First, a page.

“Nothing compares with the simple pleasure of a bike ride.”
– President John F. Kennedy
Why ride a bicycle? When I asked 10 observers of the bicycle industry, they replied with inspired observations, unprintable expletives, lively endorsements of guilt-free dessert consumption and one common complaint — “Jeez, to pare it down to just one reason is difficult.”
A Zen teacher once asked his students why they rode bicycles. One said he rode to carry potatoes. Another cycled to observe the world. A third said it cleared the mind, and a fourth said cycling put him in harmony with all sentient beings. The Zen master was pleased, but when the fifth replied, “I ride my bicycle to ride my bicycle,” the teacher sat at the student’s feet and said, “I am your student.”
Albert Einstein discovered the theory of relativity while bicycling. And Ernest Hemingway said that, “It is by riding a bicycle that you learn the contours of a country best, since you have to sweat up the hills and coast down them.”
And with government figures showing that 64 percent of American adults and 30 percent of children are overweight, it seems there are plenty of reasons.
How about gas prices hovering just below $2 a gallon? Or just take a gander at these reasons from 10 of the industry’s wittiest and most fanatical cyclists, and you’ll brave bitter cold just to hit the road or trails this winter.
1. Riding a bike is liberating in that I-still-feel-like-a-kid sort of way, and I’m not trapped in a metal/glass/infernal combustion coffin looking at the world through wide-screen television eyes. And parking is always free on a bike. And my bike starts every morning, even in cold weather.
–Hurl Everstone of Minneapolis is the publisher of Cars R Coffins, a Web site devoted to bicycle-punkrock-action.
2. Without cycling, I’d die consuming the quantities of beer that I do. I also ride for the scenery. And what other opportunity do I have for stuffing 250 pounds into too-small Lycra bib shorts?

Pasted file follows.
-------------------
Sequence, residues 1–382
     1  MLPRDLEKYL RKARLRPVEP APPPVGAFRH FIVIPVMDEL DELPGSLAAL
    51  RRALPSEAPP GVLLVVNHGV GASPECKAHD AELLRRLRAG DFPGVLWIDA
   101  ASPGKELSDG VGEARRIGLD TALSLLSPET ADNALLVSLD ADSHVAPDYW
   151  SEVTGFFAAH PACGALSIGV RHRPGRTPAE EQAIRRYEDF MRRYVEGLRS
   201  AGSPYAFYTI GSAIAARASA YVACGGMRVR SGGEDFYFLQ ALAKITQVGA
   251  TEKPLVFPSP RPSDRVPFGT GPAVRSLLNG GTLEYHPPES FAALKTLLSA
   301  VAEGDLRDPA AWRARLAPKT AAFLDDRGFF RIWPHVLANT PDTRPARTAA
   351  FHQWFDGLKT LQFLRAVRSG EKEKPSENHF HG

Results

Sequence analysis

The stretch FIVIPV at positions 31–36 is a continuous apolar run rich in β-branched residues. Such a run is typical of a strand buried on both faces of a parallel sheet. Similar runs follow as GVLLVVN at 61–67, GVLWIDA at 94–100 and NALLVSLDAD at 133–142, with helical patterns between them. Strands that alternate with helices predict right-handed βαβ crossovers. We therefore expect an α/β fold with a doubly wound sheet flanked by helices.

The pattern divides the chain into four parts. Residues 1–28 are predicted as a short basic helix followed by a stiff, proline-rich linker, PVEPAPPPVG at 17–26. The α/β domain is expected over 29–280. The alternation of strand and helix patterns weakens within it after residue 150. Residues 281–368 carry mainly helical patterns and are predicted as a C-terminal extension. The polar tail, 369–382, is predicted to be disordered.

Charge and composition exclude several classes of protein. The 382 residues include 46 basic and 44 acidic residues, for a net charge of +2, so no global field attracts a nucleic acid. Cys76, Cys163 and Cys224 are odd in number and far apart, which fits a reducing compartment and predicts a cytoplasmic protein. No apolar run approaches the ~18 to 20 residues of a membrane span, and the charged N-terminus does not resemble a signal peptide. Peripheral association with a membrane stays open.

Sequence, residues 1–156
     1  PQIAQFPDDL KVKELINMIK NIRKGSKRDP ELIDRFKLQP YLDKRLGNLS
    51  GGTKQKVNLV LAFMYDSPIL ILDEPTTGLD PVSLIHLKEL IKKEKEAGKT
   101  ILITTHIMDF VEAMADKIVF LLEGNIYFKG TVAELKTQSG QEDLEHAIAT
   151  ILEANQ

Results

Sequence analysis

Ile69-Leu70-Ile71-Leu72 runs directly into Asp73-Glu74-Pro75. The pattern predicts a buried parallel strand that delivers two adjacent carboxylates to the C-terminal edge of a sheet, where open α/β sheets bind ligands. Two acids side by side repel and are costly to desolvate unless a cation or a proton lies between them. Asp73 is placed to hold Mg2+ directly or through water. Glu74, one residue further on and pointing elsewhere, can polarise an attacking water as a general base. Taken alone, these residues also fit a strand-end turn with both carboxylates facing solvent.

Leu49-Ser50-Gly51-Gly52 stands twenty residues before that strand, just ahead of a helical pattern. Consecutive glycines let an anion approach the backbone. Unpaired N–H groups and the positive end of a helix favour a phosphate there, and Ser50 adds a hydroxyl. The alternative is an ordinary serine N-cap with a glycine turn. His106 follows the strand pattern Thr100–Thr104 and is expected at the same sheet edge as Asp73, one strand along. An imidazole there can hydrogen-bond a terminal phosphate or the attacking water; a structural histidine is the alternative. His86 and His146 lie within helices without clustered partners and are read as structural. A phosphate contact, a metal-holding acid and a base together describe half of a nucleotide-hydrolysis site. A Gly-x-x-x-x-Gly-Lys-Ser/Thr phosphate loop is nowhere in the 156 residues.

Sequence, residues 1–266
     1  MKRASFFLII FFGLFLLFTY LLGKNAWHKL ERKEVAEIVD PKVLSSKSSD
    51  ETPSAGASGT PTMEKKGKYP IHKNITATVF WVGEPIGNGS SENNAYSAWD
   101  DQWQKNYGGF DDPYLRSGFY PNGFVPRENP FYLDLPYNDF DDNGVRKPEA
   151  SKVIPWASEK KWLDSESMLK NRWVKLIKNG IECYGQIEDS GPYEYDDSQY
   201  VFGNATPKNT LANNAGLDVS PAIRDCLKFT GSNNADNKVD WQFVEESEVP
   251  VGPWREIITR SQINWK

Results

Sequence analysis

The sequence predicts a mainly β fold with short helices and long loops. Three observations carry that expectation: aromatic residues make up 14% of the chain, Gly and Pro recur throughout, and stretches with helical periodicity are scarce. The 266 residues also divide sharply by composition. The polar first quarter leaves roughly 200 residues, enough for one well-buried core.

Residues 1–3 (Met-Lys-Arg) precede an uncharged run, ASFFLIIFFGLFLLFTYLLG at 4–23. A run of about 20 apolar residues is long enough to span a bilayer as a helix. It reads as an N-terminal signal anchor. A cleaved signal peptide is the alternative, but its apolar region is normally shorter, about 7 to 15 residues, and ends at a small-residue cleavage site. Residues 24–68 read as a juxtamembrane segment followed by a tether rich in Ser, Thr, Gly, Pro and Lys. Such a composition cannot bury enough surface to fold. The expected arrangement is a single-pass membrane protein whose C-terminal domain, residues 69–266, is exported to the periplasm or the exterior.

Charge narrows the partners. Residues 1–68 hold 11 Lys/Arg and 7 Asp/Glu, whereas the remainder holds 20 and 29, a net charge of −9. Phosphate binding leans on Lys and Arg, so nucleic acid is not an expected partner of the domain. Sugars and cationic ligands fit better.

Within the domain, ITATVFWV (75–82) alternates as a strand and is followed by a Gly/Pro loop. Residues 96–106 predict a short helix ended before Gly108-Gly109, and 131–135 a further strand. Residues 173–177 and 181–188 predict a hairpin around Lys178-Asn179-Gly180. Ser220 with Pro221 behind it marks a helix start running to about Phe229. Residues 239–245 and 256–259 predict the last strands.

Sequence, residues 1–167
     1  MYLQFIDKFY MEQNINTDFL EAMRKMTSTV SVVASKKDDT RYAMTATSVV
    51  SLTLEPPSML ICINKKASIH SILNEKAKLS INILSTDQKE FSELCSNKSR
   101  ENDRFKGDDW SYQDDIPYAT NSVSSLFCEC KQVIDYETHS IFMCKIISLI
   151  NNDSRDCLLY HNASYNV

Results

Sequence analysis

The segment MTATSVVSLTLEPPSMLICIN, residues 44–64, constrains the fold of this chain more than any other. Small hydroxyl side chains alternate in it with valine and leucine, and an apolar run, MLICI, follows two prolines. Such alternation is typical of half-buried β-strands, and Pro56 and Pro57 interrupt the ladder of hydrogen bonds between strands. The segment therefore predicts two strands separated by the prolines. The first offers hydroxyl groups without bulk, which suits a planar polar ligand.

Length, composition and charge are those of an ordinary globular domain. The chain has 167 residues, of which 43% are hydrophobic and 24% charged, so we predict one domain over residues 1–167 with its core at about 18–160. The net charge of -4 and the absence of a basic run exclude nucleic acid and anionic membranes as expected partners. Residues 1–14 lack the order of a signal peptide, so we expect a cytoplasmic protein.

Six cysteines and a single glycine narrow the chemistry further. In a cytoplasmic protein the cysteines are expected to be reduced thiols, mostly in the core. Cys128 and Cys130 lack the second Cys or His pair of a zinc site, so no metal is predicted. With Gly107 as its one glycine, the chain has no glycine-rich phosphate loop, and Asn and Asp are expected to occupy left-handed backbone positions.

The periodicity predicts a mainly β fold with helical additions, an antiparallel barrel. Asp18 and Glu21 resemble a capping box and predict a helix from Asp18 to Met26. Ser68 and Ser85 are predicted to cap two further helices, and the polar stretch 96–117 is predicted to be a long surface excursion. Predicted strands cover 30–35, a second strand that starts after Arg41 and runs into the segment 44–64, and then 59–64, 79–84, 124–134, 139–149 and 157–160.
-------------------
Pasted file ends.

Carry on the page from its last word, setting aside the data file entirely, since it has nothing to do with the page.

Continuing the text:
–Matt Wiebe, a Santa Fe resident, University of New Mexico professor and technical editor of Bicycle Retailer and Industry News
3. I ride because it gives me an excuse for shaving my legs. If it weren’t for the six bikes in the garage, I’d be forever trying to explain why I look like a bearded lady on the lam from a carnival sideshow who got her head shaved in the drunk tank after flunking a cootie inspection. Plus when I’m stuck for something obnoxious to write or draw, a quick ride helps jar the nickel loose and set the music to playing. That, and the drugs.
–Patrick O’Grady, a professional rumormonger living in Colorado who vents periodically on this site and at www.maddogmedia.com.
4. While pedaling over hill and dale, people usually notice and often talk to me. Because of this I’ve seen the good, the bad and the ugly. Like a Southern Baptist song, the good has overcome. This has been the best reason of all for bicycling. I’m approachable when on a bike. It’s fun talking to kids and strangers about a sport and way of life that I love. Humanity awakens at the sight of a two-wheeled traveler.
–Loretta Esparza is a seven-year veteran of Salsa Cycles and a dog-lovin’ barista in California.
5. To coalesce the burning pure horrific rage as you face knuckleheads, debutantes and four-wheeled freaks in traffic.
–Bob Roll calls himself “a man barely alive.” A veteran of the 7-Eleven team, the first U.S. pro squad to tackle the Tour de France, he is the author of several books and a cycling commentator on the Outdoor Life Network.